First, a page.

Disability rights groups say they are concerned that U.S. Supreme Court nominee Judge Brett Kavanaugh could weaken laws that help protect people with disabilities from discrimination in schools, housing, employment and health care.

Since President Donald Trump announced his pick last week to replace retiring Justice Anthony Kennedy, who was often a swing vote, advocates have called the high court vacancy a turning point for the future of civil rights.

Curt Decker, executive director of the National Disability Rights Network, said federal laws and programs have ensured that people with disabilities “can live full, quality lives in an integrated way in our country.” But they have also been challenged in court, he said, citing examples including the Affordable Care Act, which bars insurers from turning away people with pre-existing conditions, the Fair Housing Act and the Americans with Disabilities Act.

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“Having a judge on the court who does not understand the need for the federal government and the Constitution to protect this very vulnerable population is of grave concern to the disability community,” Decker said during a press briefing on the nomination.

Arlene Mayerson, directing attorney for the Disability Rights Education and Defense Fund, said Kavanaugh is well known for striking down agency regulations, which often spell out what statutes require. Architectural requirements, for instance, give the ADA teeth in providing full and equal access.

“He really is a poster boy for not honoring agency regulations,” Mayerson said. “We want more enforcement of our laws by the federal government, not less.”

The Bazelon Center for Mental Health Law issued a statement saying that “a single decision by the Supreme Court can have drastic implications for the lives of people with disabilities.”

“We already have concerns about Judge Kavanaugh’s demonstrated hostility to civil rights and will carefully scrutinize his record, including decisions on the Affordable Care Act, the ADA, Medicaid and other issues,” the statement said.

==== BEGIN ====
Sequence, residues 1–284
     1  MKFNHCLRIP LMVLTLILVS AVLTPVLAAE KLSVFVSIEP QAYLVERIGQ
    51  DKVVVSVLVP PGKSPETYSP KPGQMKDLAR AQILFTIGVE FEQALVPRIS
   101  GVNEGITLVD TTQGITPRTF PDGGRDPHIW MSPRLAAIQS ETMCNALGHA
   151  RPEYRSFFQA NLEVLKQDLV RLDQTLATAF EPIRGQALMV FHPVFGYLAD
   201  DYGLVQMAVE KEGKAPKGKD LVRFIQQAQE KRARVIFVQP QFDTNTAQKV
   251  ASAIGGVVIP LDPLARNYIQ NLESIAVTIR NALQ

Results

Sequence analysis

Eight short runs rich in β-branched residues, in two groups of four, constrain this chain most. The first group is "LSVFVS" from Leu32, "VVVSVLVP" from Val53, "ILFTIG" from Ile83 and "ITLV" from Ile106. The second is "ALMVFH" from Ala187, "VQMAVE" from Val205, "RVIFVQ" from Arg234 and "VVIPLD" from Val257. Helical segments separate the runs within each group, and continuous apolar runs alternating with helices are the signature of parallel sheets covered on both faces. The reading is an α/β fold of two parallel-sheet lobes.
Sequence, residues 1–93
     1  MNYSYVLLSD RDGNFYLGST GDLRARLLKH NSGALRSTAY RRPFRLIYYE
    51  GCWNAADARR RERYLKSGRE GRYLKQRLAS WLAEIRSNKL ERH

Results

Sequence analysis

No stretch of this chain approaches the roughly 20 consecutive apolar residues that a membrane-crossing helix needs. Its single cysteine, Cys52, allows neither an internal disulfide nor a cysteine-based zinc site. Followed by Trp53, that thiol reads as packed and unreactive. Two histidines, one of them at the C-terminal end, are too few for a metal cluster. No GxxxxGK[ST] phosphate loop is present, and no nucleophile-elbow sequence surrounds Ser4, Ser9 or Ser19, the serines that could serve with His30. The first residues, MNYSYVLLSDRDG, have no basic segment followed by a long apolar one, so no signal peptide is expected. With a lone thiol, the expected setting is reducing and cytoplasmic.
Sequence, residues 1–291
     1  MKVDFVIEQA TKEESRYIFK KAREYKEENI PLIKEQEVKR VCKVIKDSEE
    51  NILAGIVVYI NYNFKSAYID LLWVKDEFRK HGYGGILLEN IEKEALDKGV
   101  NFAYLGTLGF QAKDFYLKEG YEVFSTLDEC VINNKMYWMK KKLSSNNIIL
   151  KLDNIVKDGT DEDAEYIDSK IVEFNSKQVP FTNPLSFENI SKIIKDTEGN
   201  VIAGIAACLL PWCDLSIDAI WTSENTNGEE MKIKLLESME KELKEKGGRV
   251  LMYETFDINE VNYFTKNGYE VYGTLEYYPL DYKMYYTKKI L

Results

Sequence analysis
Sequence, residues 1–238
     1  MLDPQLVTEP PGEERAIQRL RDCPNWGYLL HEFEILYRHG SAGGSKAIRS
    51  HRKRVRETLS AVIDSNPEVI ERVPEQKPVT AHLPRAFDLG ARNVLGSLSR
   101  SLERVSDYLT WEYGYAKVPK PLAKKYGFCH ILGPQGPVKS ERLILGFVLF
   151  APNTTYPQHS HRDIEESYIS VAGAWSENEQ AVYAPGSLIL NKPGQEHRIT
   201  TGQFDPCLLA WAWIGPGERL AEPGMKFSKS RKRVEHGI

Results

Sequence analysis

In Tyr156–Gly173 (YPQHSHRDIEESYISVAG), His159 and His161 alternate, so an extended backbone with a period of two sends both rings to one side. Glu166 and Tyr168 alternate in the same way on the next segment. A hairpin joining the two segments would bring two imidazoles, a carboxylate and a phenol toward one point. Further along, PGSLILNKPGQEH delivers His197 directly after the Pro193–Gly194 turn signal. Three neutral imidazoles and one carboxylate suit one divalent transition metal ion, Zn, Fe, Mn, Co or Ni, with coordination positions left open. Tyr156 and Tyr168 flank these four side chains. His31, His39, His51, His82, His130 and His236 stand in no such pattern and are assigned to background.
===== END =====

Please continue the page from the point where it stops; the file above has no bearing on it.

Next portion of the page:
Jennifer Mathis, director of policy and legal advocacy at Bazelon, said a review of his cases is still underway. However, she said Kavanaugh would shift the direction of the court and has demonstrated a narrow approach to reviewing civil rights cases.

“I think there’s enough there that signals to us that people with disabilities should be extremely concerned,” Mathis said.

In his first public remarks after his nomination, Kavanaugh, a federal appeals court judge, described himself as a jurist who would independently interpret the law, not make it. He cited the example of his mother, a former history teacher in Washington D.C. public high schools.

“Her example taught me the importance of equality for all Americans,” said Kavanaugh, who graduated from Yale Law School.

After his nomination, a group of Yale Law School students and alumni wrote a letter criticizing his record, including an Individuals with Disabilities Education Act case involving a special education student who was incarcerated.

“Judge Kavanaugh has consistently protected the interests of powerful institutions and disregarded the rights of vulnerable individuals,” the letter says. “On the D.C. Circuit he denied a student with disabilities access to the remedial education he was promised after he emerged from juvenile detention.”

In the opinion written by Kavanaugh, he said the student had received special education services in detention and was not entitled to additional services after his release.

The Senate could begin confirmation hearings in late August.